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How to win the offer/counteroffer game

Not everyone gets as lucky as Ron Kirchgessner. While wandering around the kitchen of a home he was thinking of buying, a stray piece of paper hastily shoved into a stack caught his eye. There in black and white was a previous offer the homeowners had accepted on the contingency the bidders sell two pieces of property. The dollar figure was nearly $20,000 under the asking price.

The average Joe sweats a bit more before taking that opening bid leap of faith. He also wastes emotional energy overthinking this step, says Paul Purcell, co-founder of braddock + purcell, a residential real estate referral firm in New York. "The most important thing to remember is that you're entering into a business proposition. If you make it personal, you lose sight of the ability to negotiate.

"Sometimes it's more how you prepare for something than how you actually do it," he adds. On one hand, that means you don't have to play a poker game, trying to hide the fact you like the property. Making an offer on something this costly tips off the other side you're interested, Purcell says.

 
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However, it does mean you need to replace emotion with facts.

Homework time
One of the strongest ways to determine your negotiability factor lies in those comparable home values you collect. The idea is to pinpoint the percentage difference between the asking price and the sale price in that given neighborhood to see what overall wiggle room exists.

The ideal situation, of course, is an easygoing buyer pursuing an anxious seller. Length of time on the market can give you a clue, but generally a friendly conversation with your real estate agent or the homeowners themselves reveals pertinent details, such as a job transfer, divorce, downsizing or other motivations.

Next, identify a few optional properties and let the seller know they're waiting in the wings if you intend to hold the power at the negotiating table, says Roger Dawson, who owns The Power Negotiating Institute in California and authored "The Weekend Millionaire's Secrets to Investing in Real Estate." "Negotiations deal with perception, which is far more important than reality to a negotiator," he notes.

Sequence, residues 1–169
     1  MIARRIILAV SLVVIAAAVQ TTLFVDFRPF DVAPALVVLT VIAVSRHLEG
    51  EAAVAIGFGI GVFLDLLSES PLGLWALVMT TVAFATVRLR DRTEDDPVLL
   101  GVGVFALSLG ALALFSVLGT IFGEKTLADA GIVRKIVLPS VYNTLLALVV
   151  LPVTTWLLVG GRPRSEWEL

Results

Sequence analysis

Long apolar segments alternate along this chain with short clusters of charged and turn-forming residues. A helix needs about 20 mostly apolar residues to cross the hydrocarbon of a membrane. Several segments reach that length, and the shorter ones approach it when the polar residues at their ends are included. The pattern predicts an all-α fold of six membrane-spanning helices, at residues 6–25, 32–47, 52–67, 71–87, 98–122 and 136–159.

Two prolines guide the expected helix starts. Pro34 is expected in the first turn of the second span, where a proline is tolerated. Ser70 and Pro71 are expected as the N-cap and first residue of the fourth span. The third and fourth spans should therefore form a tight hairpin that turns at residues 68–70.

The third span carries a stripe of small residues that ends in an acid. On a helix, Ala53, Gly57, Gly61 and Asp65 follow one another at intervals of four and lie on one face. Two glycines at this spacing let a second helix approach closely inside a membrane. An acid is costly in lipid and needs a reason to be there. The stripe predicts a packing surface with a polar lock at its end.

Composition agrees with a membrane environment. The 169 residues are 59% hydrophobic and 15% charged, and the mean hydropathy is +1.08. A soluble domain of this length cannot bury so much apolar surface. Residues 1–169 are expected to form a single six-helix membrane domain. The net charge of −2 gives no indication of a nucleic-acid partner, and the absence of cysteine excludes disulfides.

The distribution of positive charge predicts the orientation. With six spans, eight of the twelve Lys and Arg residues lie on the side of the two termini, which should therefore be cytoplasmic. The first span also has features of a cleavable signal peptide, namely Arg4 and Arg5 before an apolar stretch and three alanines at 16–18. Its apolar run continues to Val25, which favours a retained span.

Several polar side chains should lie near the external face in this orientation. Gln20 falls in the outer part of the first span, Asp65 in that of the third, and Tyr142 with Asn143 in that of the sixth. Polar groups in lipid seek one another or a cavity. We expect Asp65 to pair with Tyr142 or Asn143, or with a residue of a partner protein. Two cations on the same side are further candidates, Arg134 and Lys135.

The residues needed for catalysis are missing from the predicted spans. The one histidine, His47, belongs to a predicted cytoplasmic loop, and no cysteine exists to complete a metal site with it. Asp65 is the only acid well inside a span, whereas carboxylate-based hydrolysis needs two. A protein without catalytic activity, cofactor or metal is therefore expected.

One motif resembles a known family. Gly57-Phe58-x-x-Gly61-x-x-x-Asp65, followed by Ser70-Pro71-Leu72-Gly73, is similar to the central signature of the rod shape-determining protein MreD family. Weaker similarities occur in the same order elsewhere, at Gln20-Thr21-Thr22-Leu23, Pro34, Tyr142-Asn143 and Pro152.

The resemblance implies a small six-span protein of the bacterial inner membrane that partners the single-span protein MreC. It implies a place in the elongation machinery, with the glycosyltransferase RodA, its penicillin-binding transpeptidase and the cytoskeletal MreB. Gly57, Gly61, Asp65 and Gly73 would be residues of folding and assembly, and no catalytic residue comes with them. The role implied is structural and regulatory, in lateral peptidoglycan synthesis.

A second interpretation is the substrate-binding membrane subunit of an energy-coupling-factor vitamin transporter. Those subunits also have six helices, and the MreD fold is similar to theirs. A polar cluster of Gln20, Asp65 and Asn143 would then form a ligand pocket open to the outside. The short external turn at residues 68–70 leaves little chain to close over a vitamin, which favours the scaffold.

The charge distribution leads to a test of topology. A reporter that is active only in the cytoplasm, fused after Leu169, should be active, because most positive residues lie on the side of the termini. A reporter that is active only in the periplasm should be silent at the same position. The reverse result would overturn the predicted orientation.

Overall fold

Finally, prepare a list of perks to hoist on the bargaining block. This gives the seller incentive to give in to your price to keep the deal, but assuages his pride by playing hardball somewhere, advises Darlene Witter, CRB, the owner/broker of Vermilion River Realty and a former national vice president for Coldwell Banker. Consider:

  • Ask for a 10-day period to take occupancy after the title transfer
  • Pay the homeowner's warranty.
  • Offer an earlier or later closing date, whichever is more beneficial to the homeowner's tax situation.
  • Forego the property inspection, although Witter labels this a "very dangerous" move for the buyer's sake but one definitely designed to sway a seller.
  • Dangle a cash offer, which is what Kirchgessner did to beat his rivals at that same price point on the house he scarfed up.
  • Based on the seller's personality, throw in a comment designed to win their love. For example, trumpet how much you adore the home and don't intend to change a thing to an older couple who raised their children in that home.

Meanwhile, play it meaner with your broker. Dawson tells his go-betweens that if the seller doesn't accept the offer he extends, Dawson reserves the right to meet face-to-face with that homeowner to hash out the details. "Real estate agents hate that," he confides. "They'll do the very best job they can to get that offer through when you put it like that."

One warning: Do not give your agent a back-up plan, as in "offer $200,000, but if they don't bite, I'll go $210,000." Even if she represents you, the buyer, legally she is considered a sub-agent of the listing broker who stands squarely on the seller's side. According to Dawson, that makes your agent legally obligated to reveal the conversation to the homeowner. So that's for you to know and them to find out.